Several months ago, a radio pastor told of a man who arrived in heaven and said: “How wonderful this is. If only I hadn’t been such a health and fitness freak, I could have gotten here much sooner.”
I am part of the baby-boom generation. This means I was born sometime between 1946 and 1964. Yeah, I know — keep guessing. It also means that I undoubtedly have more past than future here on Earth.
I became an adult “orphan” in 1993, the year Dad passed. Mom had preceded him by a year and a half. My parents didn’t want heroic life-saving measures. Neither do I. I don’t intend to live one day — or even one hour — beyond what God has given me here. I only pray that I will be at my own home in my last hours and then make a swift transition, of natural causes, from here to hereafter — without lingering or regret.
Length of Life? Or Quality of Life?
People live longer now than people did 100 years ago. But how much real quality of life is there in these added years? If prolonging life means propping up someone on high-tech life-support machines, especially if the patient doesn’t want this, aren’t we just postponing the inevitable and burdening the patient still more? What purpose does it serve — other than fattening the wallets of high-tech specialists and hospital administrators?
Ever since I was 21, people have told me I look young for my age. Yet I don’t take any heroic steps to try to stay young. I don’t jog. I don’t count calories. True, I work out regularly and take walks, but I was doing these things well before the big health and fitness craze began.
Still, longevity isn’t my goal. What I believe makes the real difference in staying young is avoiding the very things that our parents and teachers and mentors should teach us early in life to avoid: alcohol, nicotine, caffeine, street drugs, overeating, reckless driving, night life, promiscuity.
About a month before he passed, Dad started making a list of things about this earthly life that he wasn’t going to miss. Until now, I hadn’t tried writing a similar list of my own. Besides cold weather and high winter utility costs — and who doesn’t loathe these? — here are some of my top pet peeves:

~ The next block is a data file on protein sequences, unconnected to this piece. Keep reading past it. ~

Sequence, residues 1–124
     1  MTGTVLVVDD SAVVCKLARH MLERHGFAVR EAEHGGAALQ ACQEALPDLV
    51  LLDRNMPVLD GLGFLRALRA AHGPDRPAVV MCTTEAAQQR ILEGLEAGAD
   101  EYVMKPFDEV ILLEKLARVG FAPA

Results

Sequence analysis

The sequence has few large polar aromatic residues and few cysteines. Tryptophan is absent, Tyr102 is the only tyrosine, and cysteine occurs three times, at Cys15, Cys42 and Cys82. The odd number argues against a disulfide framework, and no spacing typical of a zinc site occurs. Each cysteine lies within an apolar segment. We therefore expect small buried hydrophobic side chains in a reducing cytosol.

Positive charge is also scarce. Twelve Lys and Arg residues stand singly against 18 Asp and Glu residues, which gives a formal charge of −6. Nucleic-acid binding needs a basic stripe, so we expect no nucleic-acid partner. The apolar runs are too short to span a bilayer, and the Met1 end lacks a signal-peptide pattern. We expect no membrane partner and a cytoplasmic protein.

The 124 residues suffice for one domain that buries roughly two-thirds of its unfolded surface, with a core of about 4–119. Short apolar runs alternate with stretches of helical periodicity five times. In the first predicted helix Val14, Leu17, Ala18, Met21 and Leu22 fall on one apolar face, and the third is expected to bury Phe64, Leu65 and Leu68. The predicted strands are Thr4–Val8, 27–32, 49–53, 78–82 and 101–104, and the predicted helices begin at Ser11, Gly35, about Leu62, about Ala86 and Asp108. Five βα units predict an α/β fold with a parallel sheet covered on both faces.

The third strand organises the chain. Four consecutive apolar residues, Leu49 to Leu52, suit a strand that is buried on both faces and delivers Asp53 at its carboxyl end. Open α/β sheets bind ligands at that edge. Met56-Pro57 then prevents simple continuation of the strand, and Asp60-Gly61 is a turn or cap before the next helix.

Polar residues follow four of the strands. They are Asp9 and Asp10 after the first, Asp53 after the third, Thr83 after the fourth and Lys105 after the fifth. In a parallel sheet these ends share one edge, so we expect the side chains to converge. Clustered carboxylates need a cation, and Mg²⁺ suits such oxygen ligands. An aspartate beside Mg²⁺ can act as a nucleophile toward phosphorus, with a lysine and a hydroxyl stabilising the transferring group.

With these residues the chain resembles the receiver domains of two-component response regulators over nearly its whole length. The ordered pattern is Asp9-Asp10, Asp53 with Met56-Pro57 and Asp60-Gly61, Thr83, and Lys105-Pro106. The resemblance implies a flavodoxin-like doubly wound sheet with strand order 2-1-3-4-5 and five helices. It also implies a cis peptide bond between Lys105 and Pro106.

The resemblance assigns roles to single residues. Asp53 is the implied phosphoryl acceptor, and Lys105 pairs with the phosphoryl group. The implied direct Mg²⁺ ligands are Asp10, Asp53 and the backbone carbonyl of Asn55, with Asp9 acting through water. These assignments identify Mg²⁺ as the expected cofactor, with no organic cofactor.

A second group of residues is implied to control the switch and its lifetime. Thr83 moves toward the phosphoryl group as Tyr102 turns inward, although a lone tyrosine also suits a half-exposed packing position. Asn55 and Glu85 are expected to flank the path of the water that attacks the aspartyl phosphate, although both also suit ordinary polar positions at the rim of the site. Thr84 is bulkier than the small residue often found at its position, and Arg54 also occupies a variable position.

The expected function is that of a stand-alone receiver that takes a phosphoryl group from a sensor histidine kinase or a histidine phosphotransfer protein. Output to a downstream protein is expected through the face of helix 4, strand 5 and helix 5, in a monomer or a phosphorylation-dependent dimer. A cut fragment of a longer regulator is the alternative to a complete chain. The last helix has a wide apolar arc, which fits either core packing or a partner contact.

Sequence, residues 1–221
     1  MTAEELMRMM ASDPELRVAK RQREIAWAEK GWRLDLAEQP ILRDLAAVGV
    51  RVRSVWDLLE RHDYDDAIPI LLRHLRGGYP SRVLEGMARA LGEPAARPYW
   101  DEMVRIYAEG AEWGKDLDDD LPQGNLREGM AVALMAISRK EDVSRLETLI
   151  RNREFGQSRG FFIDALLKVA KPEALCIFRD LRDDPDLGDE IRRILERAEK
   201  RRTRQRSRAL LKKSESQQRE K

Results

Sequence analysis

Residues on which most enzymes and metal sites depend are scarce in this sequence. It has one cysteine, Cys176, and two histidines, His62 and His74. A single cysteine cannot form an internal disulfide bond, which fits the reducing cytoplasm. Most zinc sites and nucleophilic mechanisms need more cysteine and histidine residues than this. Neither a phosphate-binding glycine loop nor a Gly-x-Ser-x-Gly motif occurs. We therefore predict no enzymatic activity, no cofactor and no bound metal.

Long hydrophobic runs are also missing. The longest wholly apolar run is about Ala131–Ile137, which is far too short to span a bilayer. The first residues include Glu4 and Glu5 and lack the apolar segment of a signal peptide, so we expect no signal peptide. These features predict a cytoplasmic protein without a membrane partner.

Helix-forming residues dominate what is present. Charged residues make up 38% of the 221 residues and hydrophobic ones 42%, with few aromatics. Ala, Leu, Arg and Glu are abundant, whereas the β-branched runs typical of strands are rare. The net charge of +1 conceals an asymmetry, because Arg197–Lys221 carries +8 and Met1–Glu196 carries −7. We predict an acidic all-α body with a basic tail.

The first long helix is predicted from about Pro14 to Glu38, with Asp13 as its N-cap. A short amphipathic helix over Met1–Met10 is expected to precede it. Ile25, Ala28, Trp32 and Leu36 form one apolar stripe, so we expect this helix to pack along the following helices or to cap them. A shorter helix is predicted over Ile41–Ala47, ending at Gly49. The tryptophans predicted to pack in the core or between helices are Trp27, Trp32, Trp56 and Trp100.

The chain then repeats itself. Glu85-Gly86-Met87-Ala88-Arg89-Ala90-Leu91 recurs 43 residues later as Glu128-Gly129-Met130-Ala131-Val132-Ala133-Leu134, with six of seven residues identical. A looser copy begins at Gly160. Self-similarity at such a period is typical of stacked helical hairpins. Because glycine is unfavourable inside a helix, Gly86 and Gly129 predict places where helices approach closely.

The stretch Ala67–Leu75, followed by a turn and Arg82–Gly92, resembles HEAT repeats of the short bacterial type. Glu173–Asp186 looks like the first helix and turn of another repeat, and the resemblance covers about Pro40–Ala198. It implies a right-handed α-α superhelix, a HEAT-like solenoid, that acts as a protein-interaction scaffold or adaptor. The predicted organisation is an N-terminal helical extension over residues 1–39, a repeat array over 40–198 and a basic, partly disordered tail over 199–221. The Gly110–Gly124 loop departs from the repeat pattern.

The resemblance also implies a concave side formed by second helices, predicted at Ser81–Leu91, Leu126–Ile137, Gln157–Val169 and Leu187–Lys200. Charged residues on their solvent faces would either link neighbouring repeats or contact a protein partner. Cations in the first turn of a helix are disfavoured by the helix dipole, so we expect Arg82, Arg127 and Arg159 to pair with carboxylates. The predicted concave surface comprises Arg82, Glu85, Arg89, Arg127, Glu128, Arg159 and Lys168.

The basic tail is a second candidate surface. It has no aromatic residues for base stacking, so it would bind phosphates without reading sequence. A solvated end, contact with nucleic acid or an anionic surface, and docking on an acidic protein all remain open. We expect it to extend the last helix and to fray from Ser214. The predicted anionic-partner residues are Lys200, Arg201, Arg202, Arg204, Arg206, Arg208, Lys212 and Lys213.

- The unholy trinity — mainstream media, academia, Hollywood
- Modern-day liberalism and statism
- Graduated taxation
- Socialized medicine
- Gun control propaganda
- Environmental overregulation
I thank God many times for the things of this life that I hold dear — faith, family, meaningful friendships, useful activity, music, art, natural beauty. But I have to remember that they’re just little hints of what’s to come. I don’t believe this earthly life is the real deal. I draw encouragement from St. Paul’s words in 2. Corinthians 5:1 — this is from Weymouth’s New Testament in Modern Speech:
For we know that if this poor tent, our earthly house, is taken down, we have in Heaven a building which God has provided, a house not built by human hands, but eternal.
The upbeat side of me predominates. I will do what I can, while I’m still here, to make a positive difference. It is God who gives me the strength I need for this. I can’t do it in my own strength. With Paul’s words in mind, I am confident that, when my time here is over, I will be ready to journey on to a better place and a better life than Earth can offer.